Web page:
One of the main goals of the recent Stockholm+50 event was to “provide leaders with an opportunity to draw on 50 years of multilateral environmental action to achieve the bold and urgent action needed to secure a better future on a healthy planet.”
A big part of this is phasing out the use of fossil fuels, but some experts fear that stopping the use of crude oil could be the biggest threat there is to our planet's eight billion residents. The climate does go through changes even in the absence of human activity, and those changes can sometimes have negative effects on people. But those risks are minor compared to those of a world without fossil fuels.
Ronald Stein, PTS Advance founder and ambassador for Energy & Infrastructure, explained in a recent op-ed how life without oil is not the pipe dream many seem to think it is. First, there's the fact that renewable energy is really just intermittent electricity that comes from sunshine and the wind that is not truly dependable to power society and cannot be used to actually create anything useful to society. Meanwhile, being forced to live without the products that are manufactured using oil could set us back to the horse and buggy era.
There are lots of industries that have made our lives safer, healthier and more efficient that depend on fossil fuels, including materials science, the chemical industry, energy, heating, transportation and the pharmaceutical industry. Reaching a decarbonized global status could lead to billions of fatalities from malnutrition, disease and weather-related deaths, which far outnumbers the fatalities that could be caused by changes in the climate.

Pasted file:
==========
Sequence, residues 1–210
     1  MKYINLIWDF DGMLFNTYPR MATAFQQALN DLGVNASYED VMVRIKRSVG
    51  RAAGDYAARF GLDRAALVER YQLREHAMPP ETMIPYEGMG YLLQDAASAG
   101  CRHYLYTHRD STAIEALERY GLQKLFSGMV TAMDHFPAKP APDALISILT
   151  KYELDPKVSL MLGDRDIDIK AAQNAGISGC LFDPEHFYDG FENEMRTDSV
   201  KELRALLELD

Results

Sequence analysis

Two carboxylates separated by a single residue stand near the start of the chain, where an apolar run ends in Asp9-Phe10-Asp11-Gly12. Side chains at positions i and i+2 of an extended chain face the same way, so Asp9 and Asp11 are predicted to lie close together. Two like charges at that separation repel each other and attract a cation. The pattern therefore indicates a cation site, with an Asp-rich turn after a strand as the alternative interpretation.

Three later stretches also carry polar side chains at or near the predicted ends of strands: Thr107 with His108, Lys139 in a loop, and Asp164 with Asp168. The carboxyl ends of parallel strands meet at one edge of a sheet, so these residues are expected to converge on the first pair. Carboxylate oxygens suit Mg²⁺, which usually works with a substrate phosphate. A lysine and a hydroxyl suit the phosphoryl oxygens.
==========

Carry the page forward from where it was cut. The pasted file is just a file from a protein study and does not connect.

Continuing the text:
Although it is true that no one should be poisoning the planet just to get faster internet in the form of 5G, for example, it is possible to find a good balance of preserving humankind's advancements without wasting resources for frivolous reasons.
It is important to acknowledge that the fossil fuel infrastructure is actually less invasive than the mining in developing countries that is being used to get the exotic minerals and metals needed for so-called cleaner energy. These activities are undoubtedly profiting green energy companies and their governmental sponsors, but they are also destroying the environment and leading to humanity atrocities, particularly in third-world countries where people already have a poor quality of life.
Crude oil, when refined into oil derivatives, is the basis of more than 6,000 products that people depend on in their daily lives that did not exist prior to the 1900s. It also powers the long-range needs of heavy machinery and equipment such as merchant ships, jets and the space and military program. These products products have helped the advancement of rocket technology, allowing humans to send satellites into space that have dramatically evolved the way we all navigate and communicate.
Solar panels and wind turbines, in contrast, may create intermittent electricity, but they are not capable of manufacturing anything. Moreover, the products needed to make solar panels and wind turbines are made using oil derivatives from crude oil.
Stein summarized: "Everything that needs electricity, from lights, vehicles, iPhones, defibrillators, computers, telecommunications, etc., are all made with the oil derivatives manufactured from crude oil. There would be nothing to power in a world without fossil fuels."
Instead of demonizing fossil fuels, world leaders need to find a way to reduce certain demands on the planet or find a replacement for crude oil that is capable of both producing electricity and creating all the meaningful products that we depend on in modern times. Reducing crude oil use is prudent, but eliminating it entirely could spell the end of humanity.